Several prisoners at the El Paso County Jail filed suit in federal court in 2002, alleging inadequate treatment of their mental illnesses. They challenged a wide range of jail practices, including insufficient mental health care; inadequate protection against self-inflicted injuries and suicides; deficient mental health screening and medication distribution; and improper use of detention cells, restraints, pepper spray and Tasers.
The district court initially denied the plaintiffs’ motion for class certification without considering any of the requisite factors under Fed.R.Civ.P. 23. Instead, the court focused entirely on the Prison Litigation Reform Act (PLRA). The Tenth Circuit reversed on appeal, holding “that the PLRA does not alter the class certification analysis under Rule 23,” and finding the district court had erred in failing to consider the Fed.R.Civ.P. 23 factors. See: Shook v. El Paso County, 286 F.3d 963 (10th Cir. 2004) [PLN, April 2006, p.31].
On remand, the plaintiffs renewed their class certification motion, proposing a class of all present and future prisoners with serious mental health needs. The district court again denied the motion, finding the plaintiffs had failed to satisfy Rule 23(a)(2), (a)(3) or (b)(2). “Plaintiffs failed to bear their burden ... of showing that defendants acted on grounds generally applicable to the class,” the court held.
Noting that it reviewed class certification decisions under an abuse of discretion standard, the Tenth Circuit affirmed, finding that the denial of class certification “fell within the boundaries set out by Rule 23(b)(2), governing case law, and the facts as alleged.” The appellate court indicated that while it “very well may have made a different decision ... and while other district courts perhaps could have chosen, or could choose, to certify similar classes,” it could not “say the district court’s assessment was beyond the pale.”
The Tenth Circuit suggested that the problems which resulted in denial of class certification “may have been mitigated, or perhaps avoided, by the use of subclasses. ... Plaintiffs could have sought to define subclasses that were ‘amenable to uniform group remedies,’ and in so doing, might have been able to create the cohesion among class members required by Rule 23(b)(2).” But it was the plaintiffs’ burden to propose such subclasses, which they failed to do.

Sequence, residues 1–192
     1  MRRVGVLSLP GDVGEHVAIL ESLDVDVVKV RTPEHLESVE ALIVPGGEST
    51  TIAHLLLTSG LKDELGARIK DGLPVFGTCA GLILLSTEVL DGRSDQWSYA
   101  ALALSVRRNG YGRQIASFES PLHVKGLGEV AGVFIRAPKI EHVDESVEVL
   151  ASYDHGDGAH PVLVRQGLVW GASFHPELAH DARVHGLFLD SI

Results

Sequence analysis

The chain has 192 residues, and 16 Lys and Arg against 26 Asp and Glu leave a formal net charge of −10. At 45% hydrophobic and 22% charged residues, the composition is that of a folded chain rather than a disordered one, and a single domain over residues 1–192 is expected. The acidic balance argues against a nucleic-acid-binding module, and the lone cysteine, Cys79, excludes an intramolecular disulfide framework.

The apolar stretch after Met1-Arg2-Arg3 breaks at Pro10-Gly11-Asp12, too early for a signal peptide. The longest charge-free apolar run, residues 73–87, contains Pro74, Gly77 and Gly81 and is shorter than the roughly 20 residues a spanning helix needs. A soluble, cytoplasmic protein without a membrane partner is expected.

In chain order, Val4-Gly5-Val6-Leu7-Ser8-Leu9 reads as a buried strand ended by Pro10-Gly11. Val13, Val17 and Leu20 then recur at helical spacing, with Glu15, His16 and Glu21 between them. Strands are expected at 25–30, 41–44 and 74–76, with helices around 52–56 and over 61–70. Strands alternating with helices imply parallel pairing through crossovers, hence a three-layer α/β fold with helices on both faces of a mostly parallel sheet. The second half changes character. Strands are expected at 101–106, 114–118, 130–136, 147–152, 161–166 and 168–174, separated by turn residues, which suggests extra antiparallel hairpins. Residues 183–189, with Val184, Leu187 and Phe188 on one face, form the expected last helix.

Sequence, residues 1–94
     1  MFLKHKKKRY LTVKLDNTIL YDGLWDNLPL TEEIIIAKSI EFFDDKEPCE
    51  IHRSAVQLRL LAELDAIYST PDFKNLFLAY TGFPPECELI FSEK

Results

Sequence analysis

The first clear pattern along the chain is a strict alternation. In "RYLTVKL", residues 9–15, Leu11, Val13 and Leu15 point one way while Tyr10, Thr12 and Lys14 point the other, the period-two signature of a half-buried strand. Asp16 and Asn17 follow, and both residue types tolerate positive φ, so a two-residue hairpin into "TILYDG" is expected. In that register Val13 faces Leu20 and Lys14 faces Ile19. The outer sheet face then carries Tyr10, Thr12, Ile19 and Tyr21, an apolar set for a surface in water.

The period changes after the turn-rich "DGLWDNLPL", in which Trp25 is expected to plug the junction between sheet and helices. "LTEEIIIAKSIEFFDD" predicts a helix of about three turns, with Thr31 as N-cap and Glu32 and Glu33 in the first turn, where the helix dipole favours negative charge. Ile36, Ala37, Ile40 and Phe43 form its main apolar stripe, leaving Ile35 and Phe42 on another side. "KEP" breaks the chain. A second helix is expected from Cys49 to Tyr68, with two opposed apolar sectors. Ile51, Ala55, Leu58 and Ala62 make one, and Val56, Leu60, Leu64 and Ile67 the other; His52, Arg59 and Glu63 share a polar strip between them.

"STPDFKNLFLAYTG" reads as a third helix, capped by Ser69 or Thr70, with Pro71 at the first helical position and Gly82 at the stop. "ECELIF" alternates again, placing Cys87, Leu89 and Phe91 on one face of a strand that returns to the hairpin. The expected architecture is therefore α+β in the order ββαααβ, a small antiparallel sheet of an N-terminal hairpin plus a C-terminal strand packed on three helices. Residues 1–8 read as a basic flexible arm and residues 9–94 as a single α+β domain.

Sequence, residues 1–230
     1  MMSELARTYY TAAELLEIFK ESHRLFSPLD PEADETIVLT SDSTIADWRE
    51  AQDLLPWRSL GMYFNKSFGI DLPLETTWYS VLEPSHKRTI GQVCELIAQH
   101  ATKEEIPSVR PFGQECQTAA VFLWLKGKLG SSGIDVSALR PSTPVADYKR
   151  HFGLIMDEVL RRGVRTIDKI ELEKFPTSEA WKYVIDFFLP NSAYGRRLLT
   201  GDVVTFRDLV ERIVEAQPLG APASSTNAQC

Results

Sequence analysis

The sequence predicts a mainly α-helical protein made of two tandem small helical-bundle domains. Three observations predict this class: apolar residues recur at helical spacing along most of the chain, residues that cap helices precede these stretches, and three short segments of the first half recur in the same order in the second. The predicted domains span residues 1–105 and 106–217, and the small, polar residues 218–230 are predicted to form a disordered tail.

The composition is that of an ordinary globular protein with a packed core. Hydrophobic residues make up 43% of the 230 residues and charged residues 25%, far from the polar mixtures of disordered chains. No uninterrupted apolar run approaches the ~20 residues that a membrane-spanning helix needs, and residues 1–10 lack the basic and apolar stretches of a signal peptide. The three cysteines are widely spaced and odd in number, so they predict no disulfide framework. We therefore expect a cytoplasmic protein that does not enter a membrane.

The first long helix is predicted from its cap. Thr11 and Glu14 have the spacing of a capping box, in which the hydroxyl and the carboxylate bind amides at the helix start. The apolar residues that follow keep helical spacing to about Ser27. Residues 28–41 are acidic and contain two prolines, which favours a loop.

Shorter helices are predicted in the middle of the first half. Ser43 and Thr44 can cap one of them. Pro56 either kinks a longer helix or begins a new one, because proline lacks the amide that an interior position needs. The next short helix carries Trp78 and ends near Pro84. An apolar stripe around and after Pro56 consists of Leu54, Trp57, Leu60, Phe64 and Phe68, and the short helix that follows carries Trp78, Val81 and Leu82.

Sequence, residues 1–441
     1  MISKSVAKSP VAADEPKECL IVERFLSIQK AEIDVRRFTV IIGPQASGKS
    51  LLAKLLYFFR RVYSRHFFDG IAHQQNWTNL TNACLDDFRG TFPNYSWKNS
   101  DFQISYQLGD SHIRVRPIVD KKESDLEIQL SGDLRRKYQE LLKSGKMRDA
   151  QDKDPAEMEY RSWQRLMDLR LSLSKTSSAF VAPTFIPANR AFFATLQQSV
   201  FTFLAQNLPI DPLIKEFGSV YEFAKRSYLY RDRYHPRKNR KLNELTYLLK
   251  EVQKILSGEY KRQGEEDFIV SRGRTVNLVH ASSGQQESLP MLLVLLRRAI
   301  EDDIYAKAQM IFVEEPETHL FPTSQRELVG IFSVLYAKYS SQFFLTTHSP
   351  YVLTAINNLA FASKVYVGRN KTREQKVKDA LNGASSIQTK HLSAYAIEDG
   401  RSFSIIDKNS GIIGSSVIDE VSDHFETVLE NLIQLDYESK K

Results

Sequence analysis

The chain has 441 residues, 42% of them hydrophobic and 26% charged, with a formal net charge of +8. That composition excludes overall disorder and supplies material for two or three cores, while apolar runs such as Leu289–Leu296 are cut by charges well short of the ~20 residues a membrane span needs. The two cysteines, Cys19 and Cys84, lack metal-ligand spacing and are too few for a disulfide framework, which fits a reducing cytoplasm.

Explaining that it was deciding only “the narrow question whether the relationship between the class proposed and the relief sought in this suit satisfies Rule 23(b)(2),” the Court of Appeals observed that “different named plaintiffs are of course ... free to pursue another class action, defining a class (or subclasses) for whom relief is deemed more manageable, within the bounds of the district court’s discretion.”
Although ultimately determined to be harmless error, the appellate court confessed to being “as surprised as plaintiffs that on remand the district court continued to rely as an alternative ground for denying class certification on ‘the inability of the court to fashion the remedy requested, given the ... jurisdictional limitations imposed by the [PLRA].” The Tenth Circuit explained that its earlier decision was clear, and that “any reference at the class certification stage to the PLRA’s limitations on the district court’s ability to grant relief was error.”
The lower court’s denial of class certification was affirmed. See: Shook v. Board of County Comm’rs, 543 F.3d 597 (10th Cir. 2008).
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Related legal case
Shook v. Board of County Comm’rs
|Cite||543 F.3d 597 (10th Cir. 2008)|
|Level||Court of Appeals|